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lamberts-lost-tooth
09-30-2006, 04:19 AM
By Chuck Finder, Pittsburgh Post-Gazette


e game wasn't stopped. The scoreboard wasn't aglow with a celebratory announcement of the event. The honoree wasn't aware of the circumstance.

Rather, Deshea Townsend imperceptibly, almost invisibly, crept Sunday into a select spot in Steelers' lore:

All-time sack leader among cornerbacks.

Hey, when the previous record-holder was Rod Woodson, a member of the NFL's 75th anniversary all-time team, that's saying something.

The thing was, Townsend didn't know it. He thought that when he nabbed Cincinnati's Carson Palmer for a 9-yard loss at the Steelers' 31 with 51 seconds left in the third quarter Sunday, he was expecting to be credited with half a sack. After all, James Farrior recovered the fumble that Townsend forced.

Yet Townsend earned full credit for the play, on a day when he also intercepted a pass, deflected away two other Palmer attempts and recorded nine tackles. As a result, that gave him 14.5 sacks in his Steelers career, surpassing Woodson by one -- and in one fewer season, nine.

Granted, the sack stat wasn't officially kept until 1982, though Mel Blount and the folks predating him weren't part of the cornerback-blitzing penchant of the modern-day NFL. Nor does Townsend's total give him the all-time team lead in that category: Such a place is believed to belong to Carnell Lake, the linebacker-sized safety and part-time cornerback with 21.5 sacks in his 10-year Steelers career and the only cornerback/defensive back to lead the Steelers in sacks, with six in 1997. Still, it's an accomplishment.

"Only one guy has done it," Townsend said of a Steelers cornerback regularly sacking so many quarterbacks. "So, it has to be an elite club."

Considering that Townsend is listed -- generously -- at 5 feet 10 and 190 pounds, it enhances the feat registered on a team steeped in sack tradition. After all, that storied Steelers' list includes an array of Hall of Famers such as Joe Greene (66), Jack Ham (25.5) and Jack Lambert (23.5). And then there's Woodson, whom Townsend figured, without looking it up, for a 20-sack, 20-interception guy in his Steelers career.

In truth, Woodson never recorded another NFL sack after departing the Steelers in 1996 and finished here with 38 interceptions, fourth on the team's all-time list. And Lake isn't officially a member of that club, either, falling just short in the first category with 16 interceptions as a Steeler.

So Townsend has 20-20 in his sights, and Sunday kept him on a slow track to perhaps becoming the first Steeler to reach those interception-sack totals.

His first-quarter interception of Palmer Sunday, the turnover that prompted the Steelers' march that ended with a Ben Roethlisberger interception in the end zone, provided Townsend with career pickoff No. 15. This from a fellow who has been a full-time starter only since 2003.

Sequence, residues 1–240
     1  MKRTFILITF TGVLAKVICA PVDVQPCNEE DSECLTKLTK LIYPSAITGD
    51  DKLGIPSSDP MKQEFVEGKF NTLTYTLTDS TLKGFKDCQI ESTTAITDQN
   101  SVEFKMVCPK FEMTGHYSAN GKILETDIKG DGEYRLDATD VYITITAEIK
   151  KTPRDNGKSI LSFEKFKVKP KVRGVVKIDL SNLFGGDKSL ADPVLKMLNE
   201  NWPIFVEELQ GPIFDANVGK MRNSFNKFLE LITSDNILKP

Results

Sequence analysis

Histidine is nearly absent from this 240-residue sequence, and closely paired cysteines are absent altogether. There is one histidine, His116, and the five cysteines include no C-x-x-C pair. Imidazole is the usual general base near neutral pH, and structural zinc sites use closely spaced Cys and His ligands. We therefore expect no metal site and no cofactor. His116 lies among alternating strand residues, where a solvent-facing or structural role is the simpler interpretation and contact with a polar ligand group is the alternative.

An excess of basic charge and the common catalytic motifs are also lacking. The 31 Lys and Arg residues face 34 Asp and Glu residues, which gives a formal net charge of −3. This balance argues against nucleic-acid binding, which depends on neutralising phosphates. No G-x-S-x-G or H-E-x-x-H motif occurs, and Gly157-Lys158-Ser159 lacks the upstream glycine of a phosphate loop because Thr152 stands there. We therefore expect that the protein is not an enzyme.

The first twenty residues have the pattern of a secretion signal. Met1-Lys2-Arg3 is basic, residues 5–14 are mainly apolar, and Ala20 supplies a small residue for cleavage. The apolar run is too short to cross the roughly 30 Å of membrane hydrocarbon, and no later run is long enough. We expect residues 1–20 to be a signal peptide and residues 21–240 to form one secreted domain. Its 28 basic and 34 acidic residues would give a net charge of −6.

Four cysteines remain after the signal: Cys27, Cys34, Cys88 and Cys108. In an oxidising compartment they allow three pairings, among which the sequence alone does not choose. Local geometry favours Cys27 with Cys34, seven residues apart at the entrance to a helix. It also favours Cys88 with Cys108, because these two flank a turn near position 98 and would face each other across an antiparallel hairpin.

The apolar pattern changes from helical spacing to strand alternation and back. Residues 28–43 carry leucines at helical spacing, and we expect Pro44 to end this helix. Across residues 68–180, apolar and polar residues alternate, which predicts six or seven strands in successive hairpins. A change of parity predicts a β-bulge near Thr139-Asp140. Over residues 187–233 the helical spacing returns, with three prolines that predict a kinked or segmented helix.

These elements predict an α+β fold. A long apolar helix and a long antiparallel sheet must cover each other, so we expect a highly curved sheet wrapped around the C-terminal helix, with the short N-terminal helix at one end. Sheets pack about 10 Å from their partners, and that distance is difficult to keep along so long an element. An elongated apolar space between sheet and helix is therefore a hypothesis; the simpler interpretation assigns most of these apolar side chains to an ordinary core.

In that brief time as a starter and, before that, nickel back, Townsend gathered almost as many sacks, too. Fact is, he tied for fourth on the team in sacks each of his past two seasons as a starter.

So how does the diminutive cornerback blitz so effectively?

In short, by being small.

"You want to try to stay hidden as much as possible," Townsend said this week before the Steelers embarked on their three-day weekend off. "Let the big guys go first, for the most part.

"But the main thing is to hit it at full speed."

Disguising that blitz commands an equally vital role. If the cornerback is stomping in front of the tight end or offensive tackle, making his here-I-come presence known, he would have nowhere near the same success as staying up the line quietly staring down a receiver. Moreover, much like an oncoming defensive lineman or linebacker, a cornerback needs help from his secondary mates to cover one-on-one and make up for the receiver he left behind. It also doesn't hurt if those linemen and linebackers occupy the heftier blockers littering a cornerback's path to the quarterback.

Still, not every cornerback meets success and sacks in an opposing backfield.

"He's good at it," linebacker Larry Foote said of the blitzing Townsend. "You saw the one he had in the Super Bowl [fourth quarter]. And Deshea will put it in your face, 'I got more sacks than you.' "

Foote, Clark Haggans and Joey Porter hold that team lead with two after three games, followed by Townsend and three others with one apiece.

"A lot of times, the defensive backs, they come free, but they don't get the quarterback down," Foote added. "Deshea knows how to get it done."

HometownGal
09-30-2006, 06:58 AM
Great read LLT! I know Deshea gets beat on the long ball once in a while (who doesn't?), but he has made some valuable contributions to the Steelers during his 9 year career here. I've always appreciated him and am glad he's still a member of the B & G. :smile:

CrimsonSteeler3443
09-30-2006, 08:39 AM
Nice accomplishment!

floodcitygirl
09-30-2006, 09:00 AM
Definately a highlight of that game.

Duck44
09-30-2006, 10:48 AM
Way to go Townsend!

Elvis
10-01-2006, 06:10 AM
HERE WE GO STEELERS .... HERE WE GO........ Its amazing how we are Not heariin' alot about Townsend these days... he gets beat once or twice a game but still nothin' ... I love the guy and feel pretty comfortable with he and Taylor and our secondary right now... yeh.. you may say that the Bengals WR's had a big game but they have a Great Recieving Corp..

Hines0wnz
10-02-2006, 10:13 AM
That was a great article. I admit to having bagged on Townsend over the years but he has been consistent at making plays when they are needed.

:thumbsup:

wadester47
10-03-2006, 07:15 PM
big play deshea!!! GO gettum beat dem bolts!!!